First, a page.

Blog #3 "My guitar is like a cheese grater" by Moocho

Blog #3 "My guitar is like a cheese grater" by Moocho

We’ve heard it all in the 38 plus years we have been selling guitars at Northern Lights Music: “My guitar is like a cheese grater, it hurts my fingers!” or ”I have arthritis, I can’t play anymore.” How sad that one has to give up picking tunes because of aches and pains. Isn’t there anything a person can do to adapt to one’s current physical situation?

First thing to do when facing these sorts of obstacles is to determine whether you need a different sized guitar and something that’s easier to play. There is no reason to keep playing a big dreadnought when you have a shoulder issue or to wrap your hands around an uncomfortable neck when you can customize nut widths to fit your hand perfectly. We have had customers with shoulder issues who have chosen not only a smaller body size, but they have also treated their hands to a nylon string for ease of playing. Many builders these days choose to forgo 14 fret guitars in favor of easier to play 12 fret guitars, which are becoming increasingly popular. They have a shorter scale with the bridge moved further down to make a four fret reach easier. I especially enjoy Taylor’s 712e 12 fret. It’s comfortable on the lap, has great tone, and is gentle on my hands.

Taylor’s 712e 12 fret (front - Spruce) (back - Brazilian Rosewood)

Next, make sure you come in to Northern Lights and treat your guitar to a “spa treatment” on the workbench. We can check things out to determine whether you need a truss rod adjustment, lighter or softer strings, and whether the action is appropriate for ease of playing. We’ll also be truthful about whether we think you have a guitar that may be causing you physical problems and will make suggestions for a trade or other alternatives for purchase. We actually care about your comfort at Northern Lights Music.

So when it comes to sitting down to play, now that you have found a more practical instrument, you may want to take it slow when warming up. Do some stretching in your shoulders and arms. Lace your hands together and stretch your fingers out too. I am an active yoga person so I find that to be my tool for arm stretching, proper posture, and hand stretching.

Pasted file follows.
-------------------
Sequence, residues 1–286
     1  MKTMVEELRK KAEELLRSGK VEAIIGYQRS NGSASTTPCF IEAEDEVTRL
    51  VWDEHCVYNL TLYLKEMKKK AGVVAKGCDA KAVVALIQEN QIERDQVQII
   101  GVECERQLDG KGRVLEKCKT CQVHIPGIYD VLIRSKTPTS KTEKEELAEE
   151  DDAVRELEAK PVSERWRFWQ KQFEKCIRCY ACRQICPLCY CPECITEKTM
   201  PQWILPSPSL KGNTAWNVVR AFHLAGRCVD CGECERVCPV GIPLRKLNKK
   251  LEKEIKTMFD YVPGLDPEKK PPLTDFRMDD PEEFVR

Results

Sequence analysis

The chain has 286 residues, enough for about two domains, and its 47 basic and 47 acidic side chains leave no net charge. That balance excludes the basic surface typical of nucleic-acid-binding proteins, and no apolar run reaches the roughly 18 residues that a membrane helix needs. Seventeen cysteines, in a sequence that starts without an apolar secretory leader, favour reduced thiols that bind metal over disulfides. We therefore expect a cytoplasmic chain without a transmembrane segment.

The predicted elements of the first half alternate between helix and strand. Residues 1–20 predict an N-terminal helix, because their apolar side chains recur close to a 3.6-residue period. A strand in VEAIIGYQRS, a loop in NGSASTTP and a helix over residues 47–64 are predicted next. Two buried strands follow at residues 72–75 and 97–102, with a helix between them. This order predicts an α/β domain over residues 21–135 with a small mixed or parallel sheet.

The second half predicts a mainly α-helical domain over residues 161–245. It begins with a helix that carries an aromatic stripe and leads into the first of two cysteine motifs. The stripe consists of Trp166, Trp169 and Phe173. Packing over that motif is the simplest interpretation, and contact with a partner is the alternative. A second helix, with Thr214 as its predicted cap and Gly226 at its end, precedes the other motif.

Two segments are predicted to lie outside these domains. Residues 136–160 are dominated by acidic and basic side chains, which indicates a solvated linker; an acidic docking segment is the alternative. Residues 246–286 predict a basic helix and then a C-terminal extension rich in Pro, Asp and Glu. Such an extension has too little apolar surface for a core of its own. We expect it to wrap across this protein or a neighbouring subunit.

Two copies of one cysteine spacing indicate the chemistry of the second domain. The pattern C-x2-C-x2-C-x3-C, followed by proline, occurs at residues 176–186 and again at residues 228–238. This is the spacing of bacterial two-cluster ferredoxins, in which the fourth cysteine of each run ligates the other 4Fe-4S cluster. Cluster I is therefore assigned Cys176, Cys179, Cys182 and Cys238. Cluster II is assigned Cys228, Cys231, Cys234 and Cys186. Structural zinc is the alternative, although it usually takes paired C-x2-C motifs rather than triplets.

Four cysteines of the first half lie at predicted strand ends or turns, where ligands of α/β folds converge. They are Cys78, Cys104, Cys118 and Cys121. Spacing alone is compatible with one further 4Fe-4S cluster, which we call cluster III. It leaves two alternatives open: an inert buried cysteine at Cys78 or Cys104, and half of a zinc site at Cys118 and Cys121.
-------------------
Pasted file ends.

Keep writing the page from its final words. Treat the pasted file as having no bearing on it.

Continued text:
My husband, Dan, has a really nifty device he uses to warm up before a gig. It’s almost like a crock-pot that holds therapeutic paraffin. He dips his hands in the solution about 10 times or so until he ends up with “Mickey Mouse” gloves and lets the wax soak deeply into his joints and muscles. As the glove cools and hardens, he’ll make a ball with the wax and while it’s still warm “plays” with the wax for a while like you would with Play Dough to limber up his guitar playing muscles. These are readily available at a pharmacy. It really feels great and sets you up for playing!

Paraffin Bath

Are you getting back to playing after a long hiatus or just starting out on your journey and find you have tender fingertips? I won’t ask you to do what Stevie Ray Vaughn did with superglue and his epidermis! Start out slowly with your playing schedule. Your calluses will build up gradually, so be patient, and don’t skip a day of practice. Adapting for discomfort in your picking hand may include trying different fingerpicks or getting an actual trained guitarist to look at your playing style. Leo Kottke, after many years of playing and the onset of Tendonitis, consulted with a classical guitarist, adapted his technique, and threw out some of his picks.

Don’t forget that you are an artist who needs to protect your guitar-playing muscles! Watch out for twisting motions; for instance, use a power screwdriver instead of a manual one. And of course be careful if you are a luthier or carpenter using saws! And if you are a gypsy like Django Reinhardt, watch out for caravan fires, although he adapted quite well playing with his two fingers!

Never give up on making music. We are here to help, whether it is helping you ease into a different instrument or adjusting your current guitar to better suit your needs. Even if you have to start playing slide guitar because your fingers won’t move anymore, there is a way to keep the tunes flowing.